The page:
Gemma Bodinetz -® Dan Kenyon - 319“I sort of knew the Everyman was important when I got the job ten years ago,” says artistic director Gemma Bodinetz. “It had been part of my consciousness of theatre outside London. Although its light was slightly diminished, which was nothing to do with how people were running it or not running it, it was to do with the economic climate that happened through the 70s and 80s in the city and loss of funding.”

The Everyman was founded in 1964 in the appropriately named Hope Hall (once a chapel, then a cinema) in an area of Liverpool noted for its bohemian environment and political edge, and quickly built a reputation for ground-breaking work.

“The artistic directors of those days had set a flame so strong that, even in those darker days, I was aware of what they had done,” Bodinetz goes on to say. “They were amazing people that ran it. I had always been aware of it and I think that’s because of its strong personality and a strong sense of its place with a renegade spirit and an adventurous naughtiness.”

A succession of some of the country’s best directors, writers and acting companies have kept Liverpool and the Everyman on the map for decades, and the Everyman has been the crucible for an astonishing range of theatrical talent. Julie Walters, Bernard Hill, Jonathan Pryce, Pete Postlethwaite, Alison Steadman, Antony Sher, Bill Nighy, Alan Bleasdale, Willy Russell, Barbara Dickson, Matthew Kelly, Cathy Tyson, David Morrissey, Stephen Graham and the Liverpool Poets all considered the Everyman a formative home in their early years. Liverpool Everyman interior(c) Philip Vile

Prior to its closure for re-development, the programme ranged from classics such as Pete Postlethwaite’s King Lear, Jonathan Pryce in The Caretaker and David Morrissey’s Macbeth to world premières of plays by a new generation of Liverpool writers.

Bodinetz explains: “You know a theatre’s important when you say you’re going to knock it down and the response that gets which clearly wasn’t entirely positive. It would have been worrying if we’d have had no response from the public but there was a very strong opinion not only for the theatre but for the Bistro. A lot of very loyal people were very upset. There was nothing in the old building that the English Heritage, for example, could preserve but you’re knocking down people’s memories.”

The new incarnation includes the famous basement Bistro which is joined by a new ground floor café that opens out to the street as well as a first floor bar and balcony above the iconic red sign. The building is also teeming with new creative spaces including a rehearsal room, workshops, a sound studio, a Writers’ Room, and EV1 – a special studio dedicated to the Young Everyman Playhouse, education and community groups.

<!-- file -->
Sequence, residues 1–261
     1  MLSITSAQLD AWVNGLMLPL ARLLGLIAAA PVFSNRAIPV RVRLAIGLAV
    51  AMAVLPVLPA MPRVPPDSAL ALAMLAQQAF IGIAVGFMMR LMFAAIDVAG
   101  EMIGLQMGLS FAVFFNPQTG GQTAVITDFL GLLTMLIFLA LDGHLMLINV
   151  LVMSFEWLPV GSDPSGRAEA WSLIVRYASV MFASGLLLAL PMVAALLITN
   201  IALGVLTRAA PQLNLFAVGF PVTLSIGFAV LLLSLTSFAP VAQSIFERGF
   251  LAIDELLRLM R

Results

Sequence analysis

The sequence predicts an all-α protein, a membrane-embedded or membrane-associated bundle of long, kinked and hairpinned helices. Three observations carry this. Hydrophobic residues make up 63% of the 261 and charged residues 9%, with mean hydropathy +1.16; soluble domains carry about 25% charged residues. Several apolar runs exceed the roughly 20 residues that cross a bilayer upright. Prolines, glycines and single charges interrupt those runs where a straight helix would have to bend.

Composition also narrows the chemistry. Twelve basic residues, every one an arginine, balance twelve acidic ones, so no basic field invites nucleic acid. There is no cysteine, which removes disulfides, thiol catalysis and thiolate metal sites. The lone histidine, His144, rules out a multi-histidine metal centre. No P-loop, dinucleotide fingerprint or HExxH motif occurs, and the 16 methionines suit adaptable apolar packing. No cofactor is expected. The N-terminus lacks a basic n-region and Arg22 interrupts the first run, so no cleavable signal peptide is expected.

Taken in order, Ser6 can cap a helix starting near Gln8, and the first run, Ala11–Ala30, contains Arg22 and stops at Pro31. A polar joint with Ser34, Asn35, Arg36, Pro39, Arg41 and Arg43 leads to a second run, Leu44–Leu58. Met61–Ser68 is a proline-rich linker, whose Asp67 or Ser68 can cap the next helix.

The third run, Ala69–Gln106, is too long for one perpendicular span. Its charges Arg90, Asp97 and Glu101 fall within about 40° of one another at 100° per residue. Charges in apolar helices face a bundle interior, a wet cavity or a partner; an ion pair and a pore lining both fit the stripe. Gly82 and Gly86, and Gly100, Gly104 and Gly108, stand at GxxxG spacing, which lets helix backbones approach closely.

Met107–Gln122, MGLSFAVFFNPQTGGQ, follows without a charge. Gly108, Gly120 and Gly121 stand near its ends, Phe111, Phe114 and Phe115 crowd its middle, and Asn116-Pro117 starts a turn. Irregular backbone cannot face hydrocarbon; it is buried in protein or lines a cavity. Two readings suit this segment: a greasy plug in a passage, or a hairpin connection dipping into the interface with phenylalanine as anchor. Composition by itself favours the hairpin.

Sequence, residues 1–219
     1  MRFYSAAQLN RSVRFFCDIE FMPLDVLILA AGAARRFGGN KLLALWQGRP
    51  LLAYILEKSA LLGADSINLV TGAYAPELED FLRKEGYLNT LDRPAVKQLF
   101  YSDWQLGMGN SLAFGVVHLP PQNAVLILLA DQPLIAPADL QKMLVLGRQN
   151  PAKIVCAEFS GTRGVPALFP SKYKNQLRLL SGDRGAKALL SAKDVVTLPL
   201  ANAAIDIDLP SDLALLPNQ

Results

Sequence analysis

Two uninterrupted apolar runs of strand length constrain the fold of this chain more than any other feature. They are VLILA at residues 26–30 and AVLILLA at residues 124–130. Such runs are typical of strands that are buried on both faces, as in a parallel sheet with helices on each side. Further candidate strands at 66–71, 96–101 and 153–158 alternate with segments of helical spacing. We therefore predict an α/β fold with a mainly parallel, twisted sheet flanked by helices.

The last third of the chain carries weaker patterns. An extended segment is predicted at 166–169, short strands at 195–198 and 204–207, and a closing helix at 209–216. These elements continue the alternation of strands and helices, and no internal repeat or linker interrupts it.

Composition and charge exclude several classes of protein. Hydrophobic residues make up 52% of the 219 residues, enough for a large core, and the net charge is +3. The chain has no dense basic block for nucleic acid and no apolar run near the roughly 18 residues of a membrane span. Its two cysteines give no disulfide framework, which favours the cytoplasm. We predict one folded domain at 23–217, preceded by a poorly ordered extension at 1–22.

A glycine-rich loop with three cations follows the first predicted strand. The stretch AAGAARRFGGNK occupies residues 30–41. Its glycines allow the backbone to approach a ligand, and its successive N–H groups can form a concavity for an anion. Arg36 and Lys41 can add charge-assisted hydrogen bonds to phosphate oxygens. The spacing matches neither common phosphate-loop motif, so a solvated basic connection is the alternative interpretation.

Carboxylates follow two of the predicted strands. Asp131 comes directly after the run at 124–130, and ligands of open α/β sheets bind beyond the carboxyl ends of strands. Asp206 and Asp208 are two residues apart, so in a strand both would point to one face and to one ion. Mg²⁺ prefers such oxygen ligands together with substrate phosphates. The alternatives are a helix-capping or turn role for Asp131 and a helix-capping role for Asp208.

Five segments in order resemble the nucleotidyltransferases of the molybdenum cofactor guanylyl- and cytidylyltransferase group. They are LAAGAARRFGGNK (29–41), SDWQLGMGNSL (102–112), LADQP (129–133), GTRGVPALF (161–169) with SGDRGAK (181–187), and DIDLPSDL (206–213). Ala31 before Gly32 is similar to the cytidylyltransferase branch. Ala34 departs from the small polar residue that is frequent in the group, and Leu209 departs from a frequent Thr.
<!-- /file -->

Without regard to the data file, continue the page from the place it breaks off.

The building is busy and full of people eating, meeting and thoroughly enjoying the space. It’s clear that that support Bodinetz speaks of has not diminished with the new building.

Everyman, Lights Up -® Mark McNulty MCN_1722“You know how important a theatre is to a city with regards to the opening parade. We guessed how many people might turn up and I thought 300. It was raining and a Saturday night and we’d made it clear that you couldn’t get into the building that night, and I turned up and there were hundreds of people in the parade. When we passed the bombed-out church, there were people on the steps cheering us on and then we were told there were yet hundreds more people outside the Everyman waiting for us and I just cried.”

Having had a tour of the new space, a cup of coffee in the new café and seen an electric performance of A View From the Bridge directed by Charlotte Gwinner and starring Lloyd Hutchinson, Julia Ford and Shannon Tarbert before it closed on April 19, I’m excited to be shaking off the past and making the Everyman my first cathedral in Liverpool.


By Lucia Cox

Main image by Philip Vile


You can look at some of the extraordinary building milestones on the Everyman’s website here

For details of upcoming shows, follow this link: www.everymanplayhouse.com/Content/Home/WhatsOn.aspx